Today’s Nice Price or Crack Pipe Gremlin is set up for a previous owner who required a hand throttle and brake. That’d be way interesting to drive, even if you don’t actually need it, but does this American Motors’ price make it a bird in the hand?
Yesterday’s 1965 4x4 Chevy Van may have given you tetanus from scratching yourself on one of its many rough, gingery surfaces, but at least your jaw would have been locked in the full open position as it no doubt hit the floor in amazement over that unique - and some might say dangerous - old school off-roader.
Unfortunately for the seller that jaw-dropping didn’t extend to its price, and the van fell in a narrow but decisive 55% Crack Pipe loss. That of course means that should you see this Van on the street, you should probably head the other way. I get the impression it never forgets and likely holds a grudge.
There’s no begrudging the fact that today’s 1977 AMC Gremlin represents what is perhaps the most eclectically styled of all the ‘70s American small cars. Arriving around the same time as the Pinto and Vega, AMC’s Gremlin came in only a single body style, which meant that the kamm-backed three-door needed to make a visual statement.
The Gremlin was in fact a shorter version of AMC’s Hornet, sharing that car’s kibbles and bits from the doors forward, much in the same way that Tyrion is a shorter version of a Lannister sharing much of his siblings’ bits, only not quite like the way his bother does.
This ’77 edition is a top of the line X and is features that year’s updated styling. That involved a more laid-back nose while the back got a larger hatch and tail lights. This one, in metallic blue with silver X stripes also gets snazzed up with a chrome juggage rack and air deflector on the roof’s trailing edge.
Below that five-slot alloys bring the sport and distract your attention from the massive sail panels in back which cause the Gremlin to have horrific sight-lines. Perhaps that was the cause of a previous owner having scraped the passenger side exiting the garage. The war wound is pretty significant, wrinkling the side panel and having put a frustrating dent in the end cap.
That seems to be the car’s only major flaw however, and the ad says that it is otherwise solid and great too drive. Doing that driving is AMC’s tried and true OHV straight six. That’s most likely the 258, but it could be the smaller 232. The Gremlin this year was also available with a version of Volkswagen’s 2.0 four, but that wasn’t available in the X. A TorqueFlite 3-speed backs up the six.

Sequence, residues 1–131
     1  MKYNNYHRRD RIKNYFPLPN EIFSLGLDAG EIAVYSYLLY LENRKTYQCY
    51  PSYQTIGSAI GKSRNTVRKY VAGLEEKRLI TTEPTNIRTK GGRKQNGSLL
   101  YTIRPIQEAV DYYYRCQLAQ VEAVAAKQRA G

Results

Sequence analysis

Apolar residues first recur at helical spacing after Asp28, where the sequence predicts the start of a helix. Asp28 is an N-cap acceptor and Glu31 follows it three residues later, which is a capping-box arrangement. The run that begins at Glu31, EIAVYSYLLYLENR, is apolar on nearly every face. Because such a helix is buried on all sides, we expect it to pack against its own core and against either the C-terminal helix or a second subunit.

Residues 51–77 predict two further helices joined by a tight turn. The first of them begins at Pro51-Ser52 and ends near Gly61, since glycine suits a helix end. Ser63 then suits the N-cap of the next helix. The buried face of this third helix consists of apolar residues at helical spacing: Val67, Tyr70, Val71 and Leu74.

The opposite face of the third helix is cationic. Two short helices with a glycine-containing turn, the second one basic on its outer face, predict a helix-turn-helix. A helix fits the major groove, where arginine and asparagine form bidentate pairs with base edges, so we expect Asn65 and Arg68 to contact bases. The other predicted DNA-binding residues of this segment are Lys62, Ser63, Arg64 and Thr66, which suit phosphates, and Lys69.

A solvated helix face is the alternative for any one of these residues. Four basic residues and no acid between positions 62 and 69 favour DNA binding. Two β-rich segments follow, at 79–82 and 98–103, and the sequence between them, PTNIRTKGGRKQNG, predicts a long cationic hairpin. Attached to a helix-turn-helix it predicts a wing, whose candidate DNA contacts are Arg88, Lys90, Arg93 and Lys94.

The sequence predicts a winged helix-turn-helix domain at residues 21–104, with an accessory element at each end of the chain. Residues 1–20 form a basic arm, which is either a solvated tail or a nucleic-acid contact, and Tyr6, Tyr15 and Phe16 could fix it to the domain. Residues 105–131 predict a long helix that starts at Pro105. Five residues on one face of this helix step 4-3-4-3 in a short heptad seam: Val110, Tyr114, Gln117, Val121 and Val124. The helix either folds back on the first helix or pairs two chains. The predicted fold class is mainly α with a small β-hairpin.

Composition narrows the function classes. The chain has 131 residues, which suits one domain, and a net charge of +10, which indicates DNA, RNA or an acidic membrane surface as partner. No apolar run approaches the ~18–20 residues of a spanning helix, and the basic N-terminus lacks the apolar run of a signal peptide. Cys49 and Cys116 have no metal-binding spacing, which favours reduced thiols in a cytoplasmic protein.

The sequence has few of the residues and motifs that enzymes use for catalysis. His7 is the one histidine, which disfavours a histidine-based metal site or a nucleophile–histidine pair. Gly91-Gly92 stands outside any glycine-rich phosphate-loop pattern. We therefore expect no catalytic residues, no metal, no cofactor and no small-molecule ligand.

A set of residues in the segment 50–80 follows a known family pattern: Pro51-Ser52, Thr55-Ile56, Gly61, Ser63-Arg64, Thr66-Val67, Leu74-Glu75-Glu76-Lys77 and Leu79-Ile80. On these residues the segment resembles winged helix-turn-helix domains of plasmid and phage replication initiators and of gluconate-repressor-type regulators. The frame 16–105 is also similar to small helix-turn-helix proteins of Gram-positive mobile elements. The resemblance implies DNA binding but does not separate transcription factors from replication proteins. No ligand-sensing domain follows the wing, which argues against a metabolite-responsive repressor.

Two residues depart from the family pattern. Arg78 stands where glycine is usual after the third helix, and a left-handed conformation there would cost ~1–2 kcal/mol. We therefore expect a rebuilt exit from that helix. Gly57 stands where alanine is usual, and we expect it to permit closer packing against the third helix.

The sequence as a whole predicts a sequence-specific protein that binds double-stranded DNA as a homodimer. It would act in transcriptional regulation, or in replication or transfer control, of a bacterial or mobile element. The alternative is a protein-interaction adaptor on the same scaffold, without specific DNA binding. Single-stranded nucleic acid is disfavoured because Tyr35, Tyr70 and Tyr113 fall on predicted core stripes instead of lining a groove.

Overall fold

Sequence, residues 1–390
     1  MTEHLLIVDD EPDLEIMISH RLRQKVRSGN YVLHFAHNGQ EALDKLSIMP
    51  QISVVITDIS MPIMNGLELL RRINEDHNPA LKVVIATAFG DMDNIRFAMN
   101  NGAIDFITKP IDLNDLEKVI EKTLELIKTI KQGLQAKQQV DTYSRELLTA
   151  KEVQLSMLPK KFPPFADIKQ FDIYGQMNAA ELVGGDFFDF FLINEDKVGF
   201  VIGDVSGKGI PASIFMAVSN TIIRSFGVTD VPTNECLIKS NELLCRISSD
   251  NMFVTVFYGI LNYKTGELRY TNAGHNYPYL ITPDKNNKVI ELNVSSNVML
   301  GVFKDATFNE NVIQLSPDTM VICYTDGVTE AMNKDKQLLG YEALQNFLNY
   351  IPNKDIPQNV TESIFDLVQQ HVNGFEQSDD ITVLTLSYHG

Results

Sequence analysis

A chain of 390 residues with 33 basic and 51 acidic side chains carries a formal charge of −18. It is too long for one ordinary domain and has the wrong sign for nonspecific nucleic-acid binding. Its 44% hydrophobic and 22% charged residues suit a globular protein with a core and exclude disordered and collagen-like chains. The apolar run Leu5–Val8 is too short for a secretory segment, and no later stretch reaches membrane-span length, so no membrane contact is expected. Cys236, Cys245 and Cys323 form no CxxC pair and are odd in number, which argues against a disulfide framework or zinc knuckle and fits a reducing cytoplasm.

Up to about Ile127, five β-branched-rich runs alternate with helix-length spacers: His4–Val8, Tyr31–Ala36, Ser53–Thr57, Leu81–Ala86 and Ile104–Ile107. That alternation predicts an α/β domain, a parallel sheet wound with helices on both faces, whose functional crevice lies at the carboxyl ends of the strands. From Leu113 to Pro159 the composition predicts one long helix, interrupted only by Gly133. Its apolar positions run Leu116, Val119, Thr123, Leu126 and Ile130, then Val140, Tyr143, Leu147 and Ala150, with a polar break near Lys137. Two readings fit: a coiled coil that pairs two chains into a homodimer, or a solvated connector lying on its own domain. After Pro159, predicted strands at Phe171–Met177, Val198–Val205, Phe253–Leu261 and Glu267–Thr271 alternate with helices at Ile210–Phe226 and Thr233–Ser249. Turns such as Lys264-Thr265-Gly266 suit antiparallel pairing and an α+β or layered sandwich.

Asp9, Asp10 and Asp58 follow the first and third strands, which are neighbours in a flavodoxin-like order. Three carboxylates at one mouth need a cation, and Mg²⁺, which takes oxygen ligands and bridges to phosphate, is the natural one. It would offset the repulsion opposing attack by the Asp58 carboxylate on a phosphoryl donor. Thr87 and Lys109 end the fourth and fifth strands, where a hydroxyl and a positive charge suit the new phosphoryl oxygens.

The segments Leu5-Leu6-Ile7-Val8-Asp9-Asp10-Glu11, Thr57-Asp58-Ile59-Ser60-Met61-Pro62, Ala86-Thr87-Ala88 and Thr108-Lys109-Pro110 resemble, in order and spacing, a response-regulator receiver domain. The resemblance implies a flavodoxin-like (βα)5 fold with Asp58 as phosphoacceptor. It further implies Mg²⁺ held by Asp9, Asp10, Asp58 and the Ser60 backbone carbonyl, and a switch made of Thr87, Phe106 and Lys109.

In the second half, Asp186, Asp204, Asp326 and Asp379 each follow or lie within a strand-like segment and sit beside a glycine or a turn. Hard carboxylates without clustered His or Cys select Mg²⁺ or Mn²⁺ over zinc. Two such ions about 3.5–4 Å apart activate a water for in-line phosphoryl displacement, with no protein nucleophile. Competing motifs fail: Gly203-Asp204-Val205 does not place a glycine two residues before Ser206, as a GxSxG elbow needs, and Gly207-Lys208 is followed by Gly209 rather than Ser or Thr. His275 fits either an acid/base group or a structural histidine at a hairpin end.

On to the interior, the first thing you’ll notice is that this Gremlin apparently swallowed a motorcycle. At least that’s how it seems as there is a hand throttle and brake set up for someone with an inability to work the foot pedals for such actions. You can take that out if you want - you do seem to lose the air vent on that side with it in place - or leave it in and give those legs of yours a rest. There’s also a squished spot on the steering wheel where the necker’s knob once sat, so keep that in mind as a necessity.
Other than those issues it’s in pretty tidy shape. The odo reads 16K but even the seller admit that it has probably rolled over Beethoven. Regardless, it seems to be remarkably tidy aside from the obvious issues that have been accidentally and/or purposefully inflicted upon it.
The price tag for this loaded Gremlin is $4,000 which interestingly is probably right around what it cost when new. Of course, you can’t buy a new one any more so survivors like this one will just have to suffice. Do you think this one’s price will suffice as well? Or, are the dents, dings, and interior mods too much to ask for that kind of cash?
H/T to BenLikesCars for the hookup!
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